New this Week: 'Kung Fu,' 'Rebel' and 'Thunder Force'

This combination of photos shows promotional art for "Kung Fu," a TV series premiering April 7 on The CW, left, "Rebel," a TV series premiering April 8 on ABC, center, and the film "Thunder Force," a comedy premiering April 9 on Netflix. (The CW/ABC/Netflix via AP)
This combination of photos shows promotional art for "Kung Fu," a TV series premiering April 7 on The CW, left, "Rebel," a TV series premiering April 8 on ABC, center, and the film "Thunder Force," a comedy premiering April 9 on Netflix. (The CW/ABC/Netflix via AP)

Here’s a collection curated by The Associated Press’ entertainment journalists of what’s arriving on TV, streaming services and music platforms this week.

MOVIES

— Against the odds, Melissa McCarthy and her husband, filmmaker Ben Falcone, have managed to put out two movies during the pandemic. Last November came HBO Max's “Superintelligence," about a regular woman (McCarthy) joined with a megalomaniacal artificial intelligence (voiced by James Corden). This time, in “Thunder Force," McCarthy is again thrust into saving the planet. In the Netflix film, McCarthy and Octavia Spencer play women given superpowers — accidentally in the case of McCarthy's character — to defend Chicago from supervillains (Bobby Cannavale, Jason Bateman). It debuts Friday.

— In “Mayor,” director David Osit profiles local government in a land typically seen through a national lens. Osit trails Musa Hadid, the charismatic and mustachioed mayor of the Palestinian city of Ramallah, as he tirelessly deals with many of the issues of any municipality — can Ramallah brand itself like, as one advisor mentions, Minnesota’s “Land of 10,000 Lakes"? — while wrestling with the more extreme, geopolitical issues endemic to the West Bank. It's a funnier film than you'd imagine, as Osit observes the sometimes farcical, sometimes painful plight of a beset community that proves that, at least in Ramallah, not all politics are local. “Mayor” began streaming Monday on the Criterion Channel.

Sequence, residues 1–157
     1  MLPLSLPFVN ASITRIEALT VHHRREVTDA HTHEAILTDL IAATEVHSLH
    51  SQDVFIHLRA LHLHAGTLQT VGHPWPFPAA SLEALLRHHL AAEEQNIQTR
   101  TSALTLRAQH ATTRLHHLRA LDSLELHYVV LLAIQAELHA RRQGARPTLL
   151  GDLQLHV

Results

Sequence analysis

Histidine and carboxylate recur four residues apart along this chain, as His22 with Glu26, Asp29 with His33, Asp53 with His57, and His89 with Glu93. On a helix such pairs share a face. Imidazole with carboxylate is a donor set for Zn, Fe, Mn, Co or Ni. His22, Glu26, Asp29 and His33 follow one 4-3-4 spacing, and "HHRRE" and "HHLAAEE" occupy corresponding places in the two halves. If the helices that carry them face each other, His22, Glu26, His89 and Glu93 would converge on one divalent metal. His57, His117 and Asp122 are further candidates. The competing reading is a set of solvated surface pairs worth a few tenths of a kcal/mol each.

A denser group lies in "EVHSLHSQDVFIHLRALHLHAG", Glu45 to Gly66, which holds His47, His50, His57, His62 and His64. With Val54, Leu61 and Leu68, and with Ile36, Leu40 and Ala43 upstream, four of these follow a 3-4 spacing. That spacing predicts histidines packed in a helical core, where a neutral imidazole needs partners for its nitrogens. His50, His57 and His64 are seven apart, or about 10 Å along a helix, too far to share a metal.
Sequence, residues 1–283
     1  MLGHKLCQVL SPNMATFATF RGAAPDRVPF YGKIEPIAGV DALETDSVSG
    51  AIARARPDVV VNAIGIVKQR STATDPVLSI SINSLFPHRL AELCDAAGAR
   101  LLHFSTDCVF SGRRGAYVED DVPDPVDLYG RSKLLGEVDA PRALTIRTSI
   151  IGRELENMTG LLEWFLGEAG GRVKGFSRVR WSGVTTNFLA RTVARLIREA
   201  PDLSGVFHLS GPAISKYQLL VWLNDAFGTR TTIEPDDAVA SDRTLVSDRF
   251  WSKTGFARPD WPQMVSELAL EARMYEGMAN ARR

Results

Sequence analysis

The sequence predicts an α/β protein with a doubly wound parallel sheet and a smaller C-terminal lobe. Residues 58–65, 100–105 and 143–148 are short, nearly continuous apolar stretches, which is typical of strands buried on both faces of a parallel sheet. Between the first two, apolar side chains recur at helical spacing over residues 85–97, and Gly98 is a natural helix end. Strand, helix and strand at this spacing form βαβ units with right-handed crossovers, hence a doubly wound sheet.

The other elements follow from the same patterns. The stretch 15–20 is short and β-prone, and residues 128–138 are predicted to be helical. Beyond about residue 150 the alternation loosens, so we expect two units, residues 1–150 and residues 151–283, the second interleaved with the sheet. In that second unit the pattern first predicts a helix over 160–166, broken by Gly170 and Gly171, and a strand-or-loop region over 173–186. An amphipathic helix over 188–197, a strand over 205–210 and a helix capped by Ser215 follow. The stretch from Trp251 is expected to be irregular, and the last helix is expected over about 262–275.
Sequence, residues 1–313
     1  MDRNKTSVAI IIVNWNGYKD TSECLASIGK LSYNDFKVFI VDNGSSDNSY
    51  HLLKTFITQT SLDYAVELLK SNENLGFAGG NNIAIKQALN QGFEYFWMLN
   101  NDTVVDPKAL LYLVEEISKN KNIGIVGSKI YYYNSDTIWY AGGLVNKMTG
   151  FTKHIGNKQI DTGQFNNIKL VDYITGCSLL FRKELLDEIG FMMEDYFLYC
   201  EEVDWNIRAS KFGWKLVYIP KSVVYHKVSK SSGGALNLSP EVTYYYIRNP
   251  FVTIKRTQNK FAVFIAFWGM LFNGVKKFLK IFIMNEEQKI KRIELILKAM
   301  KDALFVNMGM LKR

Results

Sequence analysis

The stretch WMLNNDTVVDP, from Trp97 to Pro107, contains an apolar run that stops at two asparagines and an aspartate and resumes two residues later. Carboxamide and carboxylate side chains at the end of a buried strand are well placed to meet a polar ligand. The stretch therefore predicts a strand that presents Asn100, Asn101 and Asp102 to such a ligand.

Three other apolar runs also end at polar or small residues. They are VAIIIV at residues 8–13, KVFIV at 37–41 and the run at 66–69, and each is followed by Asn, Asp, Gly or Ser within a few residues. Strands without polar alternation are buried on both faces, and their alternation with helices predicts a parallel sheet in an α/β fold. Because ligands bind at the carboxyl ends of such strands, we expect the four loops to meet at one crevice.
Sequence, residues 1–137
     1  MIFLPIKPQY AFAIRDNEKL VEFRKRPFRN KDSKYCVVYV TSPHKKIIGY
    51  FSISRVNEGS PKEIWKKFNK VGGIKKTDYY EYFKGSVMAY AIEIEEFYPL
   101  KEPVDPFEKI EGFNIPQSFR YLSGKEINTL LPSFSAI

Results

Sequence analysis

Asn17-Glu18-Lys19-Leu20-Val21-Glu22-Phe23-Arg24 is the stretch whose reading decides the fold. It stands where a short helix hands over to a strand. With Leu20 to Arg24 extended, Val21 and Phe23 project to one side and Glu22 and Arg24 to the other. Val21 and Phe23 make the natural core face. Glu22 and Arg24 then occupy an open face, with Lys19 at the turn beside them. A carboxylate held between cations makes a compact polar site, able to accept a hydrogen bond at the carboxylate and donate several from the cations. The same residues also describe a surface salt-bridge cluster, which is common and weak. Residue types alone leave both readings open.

— Many of the Oscar-nominated shorts are already available to stream, but one worth watching — “Two Distant Strangers” — lands on Netflix on Friday. In it, directors Travon Free and Martin Desmond Roe use a “Groundhog Day”-style time loop to dramatize the repetitive trauma of police brutality. Brooklyn rapper Joey Bada$$ plays a New Yorker who awakes happily again and again in a woman's apartment. But every time he leaves to go home to feed his dog, an altercation with a police officer is unavoidable and tragic.

— AP Film Writer Jake Coyle

MUSIC

— Taylor Swift’s defining 2008 album, “Fearless,” helped her break through onto the pop charts with successes like “You Belong with Me” and “Love Story.” The album went on to win four Grammys, including her first album of the year honor. So it’s fitting that “Fearless,” though it was her sophomore release, is the first project she has re-recorded after her masters were sold off. “Fearless: Taylor’s Version” will be released Friday and includes 27 songs, including 13 from the original album. Keith Urban appears on the songs “That’s When” and “We Were Happy,” while “You All Over Me” features Maren Morris.